UAE rental rates to slip further this year, Cluttons says
The property consultant forecasts average rents to drop 5 per cent but VAT will spur growth by the end of next year
The UAE property market will dip further this year as low oil prices pressure economic growth, according to the UK consultancy Cluttons.
However, the introduction of value added tax (VAT) will help the market rebound with greater purchasing power next year, it said.
The London-based property consultant said there were a number of positive indicators for the country’s property market heading into the end of the year.
“We view the government’s plan to introduce a formal tax regime as a tremendously positive step and are confident that it will help cement much-needed alternative revenue streams,” said Faisal Durrani, the research head at Cluttons.
Goods and services will be subject to VAT at a standard rate of 5 per cent from January next year, implemented across the GCC by 2019. The tax will generate a new revenue stream while boosting long-term growth. Sultan Al Mansoori, the UAE Economy Minister, estimates that VAT will add Dh12 billion next year alone in the UAE and Dh20bn in 2019.
This economic expansion as a result of higher spending levels, creating stability and marginal growth in some property segments by the end of next year.
VAT is part of efforts to diversify away from hydrocarbon-based economies in the region, with Abu Dhabi feeling significant pressure from the low oil price environment as investment in residential areas dropped 0.9 per cent in the first half of the year. The market declined by 6.3 per cent in the 12 months ending in June, with residential values standing at just over Dh1,150 per square foot.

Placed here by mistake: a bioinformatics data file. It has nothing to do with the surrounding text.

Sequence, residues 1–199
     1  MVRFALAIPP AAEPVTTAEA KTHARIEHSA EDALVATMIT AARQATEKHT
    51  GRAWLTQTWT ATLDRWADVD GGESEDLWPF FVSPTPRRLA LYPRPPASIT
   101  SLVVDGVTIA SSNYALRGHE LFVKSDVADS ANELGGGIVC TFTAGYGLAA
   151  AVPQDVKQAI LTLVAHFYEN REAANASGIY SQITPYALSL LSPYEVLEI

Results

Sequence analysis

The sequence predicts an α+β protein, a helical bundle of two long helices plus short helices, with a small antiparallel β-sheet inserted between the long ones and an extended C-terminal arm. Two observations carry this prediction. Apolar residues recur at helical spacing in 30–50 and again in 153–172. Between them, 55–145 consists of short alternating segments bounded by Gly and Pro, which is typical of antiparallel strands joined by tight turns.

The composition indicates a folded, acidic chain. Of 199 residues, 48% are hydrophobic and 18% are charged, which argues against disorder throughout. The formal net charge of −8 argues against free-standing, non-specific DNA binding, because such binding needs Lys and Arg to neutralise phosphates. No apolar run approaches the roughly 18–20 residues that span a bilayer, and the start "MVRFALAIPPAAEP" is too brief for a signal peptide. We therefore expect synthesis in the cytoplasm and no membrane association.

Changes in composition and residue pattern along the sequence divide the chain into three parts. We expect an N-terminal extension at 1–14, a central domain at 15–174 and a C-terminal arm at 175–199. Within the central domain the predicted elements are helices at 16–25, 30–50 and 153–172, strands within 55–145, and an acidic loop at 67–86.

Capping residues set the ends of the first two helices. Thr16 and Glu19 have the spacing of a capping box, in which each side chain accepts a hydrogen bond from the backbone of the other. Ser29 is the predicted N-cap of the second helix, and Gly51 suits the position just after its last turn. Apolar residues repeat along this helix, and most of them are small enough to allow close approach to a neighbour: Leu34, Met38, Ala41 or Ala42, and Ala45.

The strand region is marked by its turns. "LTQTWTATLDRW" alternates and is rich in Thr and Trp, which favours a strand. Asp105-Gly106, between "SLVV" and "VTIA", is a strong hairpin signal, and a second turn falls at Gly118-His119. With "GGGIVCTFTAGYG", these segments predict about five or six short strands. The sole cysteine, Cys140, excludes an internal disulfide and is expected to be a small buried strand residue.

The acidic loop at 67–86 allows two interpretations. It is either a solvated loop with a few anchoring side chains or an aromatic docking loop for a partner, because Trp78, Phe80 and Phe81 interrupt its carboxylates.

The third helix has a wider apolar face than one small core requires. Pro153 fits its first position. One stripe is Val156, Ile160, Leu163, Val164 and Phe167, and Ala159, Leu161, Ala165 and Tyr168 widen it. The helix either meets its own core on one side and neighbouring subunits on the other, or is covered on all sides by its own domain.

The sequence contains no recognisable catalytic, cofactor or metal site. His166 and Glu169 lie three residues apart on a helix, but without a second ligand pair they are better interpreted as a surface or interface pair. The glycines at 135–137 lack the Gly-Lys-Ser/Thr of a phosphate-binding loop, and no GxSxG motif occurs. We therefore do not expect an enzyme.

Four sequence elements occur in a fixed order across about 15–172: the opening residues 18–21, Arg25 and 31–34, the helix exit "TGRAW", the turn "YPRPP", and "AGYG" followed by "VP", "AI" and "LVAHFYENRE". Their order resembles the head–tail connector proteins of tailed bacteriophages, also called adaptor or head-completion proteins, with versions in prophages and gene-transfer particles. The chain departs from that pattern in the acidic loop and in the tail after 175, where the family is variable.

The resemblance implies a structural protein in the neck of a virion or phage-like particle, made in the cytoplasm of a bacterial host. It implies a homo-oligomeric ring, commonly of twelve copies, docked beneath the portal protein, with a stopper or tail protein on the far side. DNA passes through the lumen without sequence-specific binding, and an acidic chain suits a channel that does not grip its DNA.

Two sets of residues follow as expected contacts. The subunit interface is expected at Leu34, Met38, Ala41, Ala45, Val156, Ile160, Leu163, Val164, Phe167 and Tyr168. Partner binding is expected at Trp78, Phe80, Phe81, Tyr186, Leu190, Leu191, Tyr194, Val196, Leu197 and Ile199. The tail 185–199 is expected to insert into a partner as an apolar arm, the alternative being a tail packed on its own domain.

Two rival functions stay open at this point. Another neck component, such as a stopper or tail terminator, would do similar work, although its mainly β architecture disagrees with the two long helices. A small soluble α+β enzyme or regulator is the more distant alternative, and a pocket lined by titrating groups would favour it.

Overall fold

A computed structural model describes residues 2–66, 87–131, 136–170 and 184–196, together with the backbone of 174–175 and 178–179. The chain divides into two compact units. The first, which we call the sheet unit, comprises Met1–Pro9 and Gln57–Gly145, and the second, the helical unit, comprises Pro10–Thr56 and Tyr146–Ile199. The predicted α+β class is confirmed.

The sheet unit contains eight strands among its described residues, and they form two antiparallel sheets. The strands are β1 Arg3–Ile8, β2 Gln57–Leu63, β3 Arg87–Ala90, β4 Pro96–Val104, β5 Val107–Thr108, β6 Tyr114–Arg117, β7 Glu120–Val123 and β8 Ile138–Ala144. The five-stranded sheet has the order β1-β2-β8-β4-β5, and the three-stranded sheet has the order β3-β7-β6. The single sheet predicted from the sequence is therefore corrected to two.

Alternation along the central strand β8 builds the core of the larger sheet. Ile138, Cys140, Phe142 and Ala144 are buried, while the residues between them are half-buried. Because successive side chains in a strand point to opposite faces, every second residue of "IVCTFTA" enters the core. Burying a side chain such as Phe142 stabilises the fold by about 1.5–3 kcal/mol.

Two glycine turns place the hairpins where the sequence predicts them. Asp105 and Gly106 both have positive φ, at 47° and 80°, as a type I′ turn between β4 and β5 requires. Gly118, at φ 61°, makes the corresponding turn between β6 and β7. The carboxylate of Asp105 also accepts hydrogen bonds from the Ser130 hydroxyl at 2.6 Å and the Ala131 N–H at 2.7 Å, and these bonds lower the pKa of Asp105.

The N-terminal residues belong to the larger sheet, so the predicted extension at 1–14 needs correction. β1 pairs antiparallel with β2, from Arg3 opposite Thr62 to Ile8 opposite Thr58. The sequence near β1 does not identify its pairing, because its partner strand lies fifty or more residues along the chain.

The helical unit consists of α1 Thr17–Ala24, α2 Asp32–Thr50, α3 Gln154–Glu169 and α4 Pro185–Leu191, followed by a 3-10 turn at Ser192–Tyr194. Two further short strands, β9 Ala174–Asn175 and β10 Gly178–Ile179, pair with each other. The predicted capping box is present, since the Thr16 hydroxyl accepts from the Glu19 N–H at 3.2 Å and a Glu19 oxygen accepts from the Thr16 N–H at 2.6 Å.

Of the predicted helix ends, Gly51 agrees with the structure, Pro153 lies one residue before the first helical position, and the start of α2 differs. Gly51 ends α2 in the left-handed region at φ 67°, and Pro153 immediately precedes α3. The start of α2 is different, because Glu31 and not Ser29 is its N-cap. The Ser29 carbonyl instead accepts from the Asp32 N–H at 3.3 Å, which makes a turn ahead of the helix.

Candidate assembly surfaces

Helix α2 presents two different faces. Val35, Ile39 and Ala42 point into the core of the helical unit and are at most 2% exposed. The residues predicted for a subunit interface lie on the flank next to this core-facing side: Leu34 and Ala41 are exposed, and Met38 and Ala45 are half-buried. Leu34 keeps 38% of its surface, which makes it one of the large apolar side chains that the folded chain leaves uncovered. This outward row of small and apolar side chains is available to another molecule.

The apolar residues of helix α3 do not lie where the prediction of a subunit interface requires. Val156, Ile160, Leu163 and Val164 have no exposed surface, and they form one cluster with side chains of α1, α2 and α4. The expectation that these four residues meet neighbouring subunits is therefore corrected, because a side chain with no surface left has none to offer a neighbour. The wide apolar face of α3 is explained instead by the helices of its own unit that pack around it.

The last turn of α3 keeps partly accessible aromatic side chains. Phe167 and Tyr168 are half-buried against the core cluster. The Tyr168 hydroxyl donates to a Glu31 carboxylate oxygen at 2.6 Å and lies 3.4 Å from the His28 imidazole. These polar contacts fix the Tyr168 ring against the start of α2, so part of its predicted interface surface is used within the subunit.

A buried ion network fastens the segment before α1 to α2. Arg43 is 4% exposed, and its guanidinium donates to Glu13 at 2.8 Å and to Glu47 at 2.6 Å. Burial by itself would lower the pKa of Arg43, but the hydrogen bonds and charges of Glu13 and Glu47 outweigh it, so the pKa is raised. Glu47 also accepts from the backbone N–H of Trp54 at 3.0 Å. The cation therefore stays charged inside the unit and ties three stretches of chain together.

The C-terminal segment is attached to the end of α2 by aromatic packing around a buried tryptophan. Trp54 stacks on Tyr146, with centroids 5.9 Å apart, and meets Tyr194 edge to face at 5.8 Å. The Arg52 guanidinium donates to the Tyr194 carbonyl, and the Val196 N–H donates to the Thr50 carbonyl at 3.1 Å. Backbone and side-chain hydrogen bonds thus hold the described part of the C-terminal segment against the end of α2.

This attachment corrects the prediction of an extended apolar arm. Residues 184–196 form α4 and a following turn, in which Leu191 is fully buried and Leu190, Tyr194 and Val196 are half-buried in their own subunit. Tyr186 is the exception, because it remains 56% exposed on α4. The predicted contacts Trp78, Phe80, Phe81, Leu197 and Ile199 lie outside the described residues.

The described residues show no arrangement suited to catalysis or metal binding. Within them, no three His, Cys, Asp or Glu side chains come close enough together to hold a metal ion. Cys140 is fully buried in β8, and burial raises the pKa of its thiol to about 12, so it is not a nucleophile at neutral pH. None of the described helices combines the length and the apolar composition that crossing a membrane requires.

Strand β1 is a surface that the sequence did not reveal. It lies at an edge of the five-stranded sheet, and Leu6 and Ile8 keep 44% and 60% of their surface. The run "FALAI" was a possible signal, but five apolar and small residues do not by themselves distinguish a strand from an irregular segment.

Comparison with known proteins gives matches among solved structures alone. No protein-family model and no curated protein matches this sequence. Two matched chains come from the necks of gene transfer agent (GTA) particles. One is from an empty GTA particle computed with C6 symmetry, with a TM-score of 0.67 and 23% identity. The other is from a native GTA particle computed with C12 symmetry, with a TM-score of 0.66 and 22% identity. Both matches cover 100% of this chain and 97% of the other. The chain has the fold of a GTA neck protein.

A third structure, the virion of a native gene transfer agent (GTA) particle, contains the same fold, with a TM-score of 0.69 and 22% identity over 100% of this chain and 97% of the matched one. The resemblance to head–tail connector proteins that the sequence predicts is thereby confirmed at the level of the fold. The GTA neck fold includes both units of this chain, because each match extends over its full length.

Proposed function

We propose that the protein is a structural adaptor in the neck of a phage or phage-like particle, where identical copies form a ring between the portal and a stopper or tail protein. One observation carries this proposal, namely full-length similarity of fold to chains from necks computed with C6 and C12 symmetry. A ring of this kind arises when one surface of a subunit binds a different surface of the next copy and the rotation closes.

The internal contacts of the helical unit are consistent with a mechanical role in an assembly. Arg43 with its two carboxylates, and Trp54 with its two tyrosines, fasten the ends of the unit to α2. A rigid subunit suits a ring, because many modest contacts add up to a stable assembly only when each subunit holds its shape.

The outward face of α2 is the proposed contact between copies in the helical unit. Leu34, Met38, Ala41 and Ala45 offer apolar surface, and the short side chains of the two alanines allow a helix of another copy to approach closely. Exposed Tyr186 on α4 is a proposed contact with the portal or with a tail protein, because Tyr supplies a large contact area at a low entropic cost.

The saving grace for the emirate’s property market has been in the industrial sector, where rents have held steady for the past nine months.
“Looking ahead, while stability in rents is expected this year, should the economic weakness persist into 2018, headline rents are likely to begin dipping slightly,” Mr Durrani said.
When VAT is enacted, corporations will be liable for the 5 per cent tax based on their annual lease rates. Mr Durrani said that may upset the stability that the Dubai market has enjoyed recently, particularly in more secondary locations.
The emirate is placing hope on the economic boost of Expo 2020 after Dubai’s residential investment dipped by an average of 1.5 per cent for the 12th consecutive quarter. Rents are expected, on average, to end the year at 7 per cent lower while villas drop 10 per cent. Cluttons said a soft correction appears to be coming to a close.
The UAE’s third-largest emirate, Sharjah, has always played to its proximity to Dubai by offering cheaper rates than the neighbouring emirate. This has led to a turnaround for villa demand in Sharjah given the rising cost of living. The market is expected to outperform with a growth of up to 4 per cent, but it is not enough to offset the apartment rental rates that are forecast to end the year 10 per cent lower than last year.
“Once the market absorbs the changes caused by the introduction of VAT, we expect to see a resumption in growth,” Mr Durrani said.
Updated: September 6, 2017 02:56 PM